Human artificial chromosomes (HACs) represent a novel promising episomal system for functional genomics, gene therapy and synthetic biology. HACs are engineered from natural and synthetic alphoid DNA arrays upon transfection into human cells. The use of HACs for gene expression studies requires the knowledge of their structural organization. However, none of de novo HACs constructed so far has been physically mapped in detail. Recently we constructed a synthetic alphoidtetO-HAC that was successfully used for expression of full-length genes to correct genetic deficiencies in human cells. The HAC can be easily eliminated from cell populations by inactivation of its conditional kinetochore. This unique feature provides a control for phenotypic changes attributed to expression of HAC-encoded genes. This work describes organization of a megabase-size synthetic alphoid DNA array in the alphoidtetO-HAC that has been formed from a ~50 kb synthetic alphoidtetO-construct. Our analysis showed that this array represents a 1.1 Mb continuous sequence assembled from multiple copies of input DNA, a significant part of which was rearranged before assembling. The tandem and inverted alphoid DNA repeats in the HAC range in size from 25 to 150 kb. In addition, we demonstrated that the structure and functional domains of the HAC remains unchanged after several rounds of its transfer into different host cells. The knowledge of the alphoidtetO-HAC structure provides a tool to control HAC integrity during different manipulations. Our results also shed light on a mechanism for de novo HAC formation in human cells.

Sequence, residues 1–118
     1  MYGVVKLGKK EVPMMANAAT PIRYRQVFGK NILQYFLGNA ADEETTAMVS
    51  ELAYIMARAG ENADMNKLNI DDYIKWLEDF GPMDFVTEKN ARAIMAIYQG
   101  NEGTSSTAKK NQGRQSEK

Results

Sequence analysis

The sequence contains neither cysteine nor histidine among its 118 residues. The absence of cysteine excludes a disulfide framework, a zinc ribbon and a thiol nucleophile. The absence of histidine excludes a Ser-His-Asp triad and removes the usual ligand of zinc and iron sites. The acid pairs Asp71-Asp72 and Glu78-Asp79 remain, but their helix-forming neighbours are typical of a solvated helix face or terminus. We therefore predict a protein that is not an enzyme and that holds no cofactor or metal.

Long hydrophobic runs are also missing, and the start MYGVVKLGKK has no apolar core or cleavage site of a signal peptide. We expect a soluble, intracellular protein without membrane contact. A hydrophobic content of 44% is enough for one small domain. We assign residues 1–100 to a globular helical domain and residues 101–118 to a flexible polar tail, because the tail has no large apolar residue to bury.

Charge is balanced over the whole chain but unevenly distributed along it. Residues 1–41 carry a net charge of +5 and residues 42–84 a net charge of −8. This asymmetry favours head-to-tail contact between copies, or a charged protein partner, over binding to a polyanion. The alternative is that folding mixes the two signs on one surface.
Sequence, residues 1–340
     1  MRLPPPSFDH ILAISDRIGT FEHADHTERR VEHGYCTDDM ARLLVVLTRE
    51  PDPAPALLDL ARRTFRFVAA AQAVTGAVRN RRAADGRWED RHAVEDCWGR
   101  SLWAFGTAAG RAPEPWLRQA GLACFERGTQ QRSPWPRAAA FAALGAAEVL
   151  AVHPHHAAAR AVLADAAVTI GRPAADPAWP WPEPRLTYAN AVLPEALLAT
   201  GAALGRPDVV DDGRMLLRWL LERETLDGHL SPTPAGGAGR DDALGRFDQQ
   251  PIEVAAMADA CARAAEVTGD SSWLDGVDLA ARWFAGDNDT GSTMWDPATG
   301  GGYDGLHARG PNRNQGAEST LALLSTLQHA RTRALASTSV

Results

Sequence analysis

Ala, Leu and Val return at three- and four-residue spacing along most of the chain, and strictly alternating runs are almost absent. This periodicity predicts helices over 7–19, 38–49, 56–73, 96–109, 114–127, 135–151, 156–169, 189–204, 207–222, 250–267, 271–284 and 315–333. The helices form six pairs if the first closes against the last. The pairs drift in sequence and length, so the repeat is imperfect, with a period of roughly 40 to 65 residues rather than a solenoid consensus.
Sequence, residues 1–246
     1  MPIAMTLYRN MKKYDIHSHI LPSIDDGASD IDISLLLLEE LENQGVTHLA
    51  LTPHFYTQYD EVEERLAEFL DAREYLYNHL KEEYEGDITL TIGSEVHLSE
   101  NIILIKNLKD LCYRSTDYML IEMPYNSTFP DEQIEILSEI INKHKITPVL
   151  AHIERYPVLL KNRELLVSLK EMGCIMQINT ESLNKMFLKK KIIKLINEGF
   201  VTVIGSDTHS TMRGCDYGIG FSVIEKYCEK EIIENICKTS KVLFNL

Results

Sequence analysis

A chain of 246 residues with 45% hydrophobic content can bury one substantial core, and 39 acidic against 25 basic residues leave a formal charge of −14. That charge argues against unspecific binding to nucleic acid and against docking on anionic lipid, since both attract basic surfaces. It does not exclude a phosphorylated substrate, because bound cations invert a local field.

human artificial chromosome; HAC; gene delivery; TAR cloning